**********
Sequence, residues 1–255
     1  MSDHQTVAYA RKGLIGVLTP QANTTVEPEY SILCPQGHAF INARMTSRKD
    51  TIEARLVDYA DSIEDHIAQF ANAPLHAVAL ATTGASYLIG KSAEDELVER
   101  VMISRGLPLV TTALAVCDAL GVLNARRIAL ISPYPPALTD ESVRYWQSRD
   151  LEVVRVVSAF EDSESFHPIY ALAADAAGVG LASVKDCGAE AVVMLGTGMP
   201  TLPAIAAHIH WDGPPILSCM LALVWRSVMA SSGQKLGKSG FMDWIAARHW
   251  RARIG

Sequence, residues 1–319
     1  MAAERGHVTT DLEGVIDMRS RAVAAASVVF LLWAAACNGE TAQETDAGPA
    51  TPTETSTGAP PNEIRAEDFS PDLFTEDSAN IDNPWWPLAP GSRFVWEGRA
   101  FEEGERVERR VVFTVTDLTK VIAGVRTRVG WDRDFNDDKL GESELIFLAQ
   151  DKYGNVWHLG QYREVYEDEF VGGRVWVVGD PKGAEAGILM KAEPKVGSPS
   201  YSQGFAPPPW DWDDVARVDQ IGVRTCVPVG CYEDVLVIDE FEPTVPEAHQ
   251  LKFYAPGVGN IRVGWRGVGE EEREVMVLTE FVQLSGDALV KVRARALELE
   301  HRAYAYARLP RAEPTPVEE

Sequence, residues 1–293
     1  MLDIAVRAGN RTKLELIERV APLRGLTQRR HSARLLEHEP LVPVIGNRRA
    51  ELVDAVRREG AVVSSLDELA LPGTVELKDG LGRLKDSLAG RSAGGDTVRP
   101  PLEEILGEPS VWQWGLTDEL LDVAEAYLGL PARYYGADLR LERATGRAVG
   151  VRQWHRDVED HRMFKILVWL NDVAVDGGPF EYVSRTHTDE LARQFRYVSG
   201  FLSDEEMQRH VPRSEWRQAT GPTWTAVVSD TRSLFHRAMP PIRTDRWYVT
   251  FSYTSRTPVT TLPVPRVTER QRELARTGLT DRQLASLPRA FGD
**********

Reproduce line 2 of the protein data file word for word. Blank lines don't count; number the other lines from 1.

     1  MSDHQTVAYA RKGLIGVLTP QANTTVEPEY SILCPQGHAF INARMTSRKD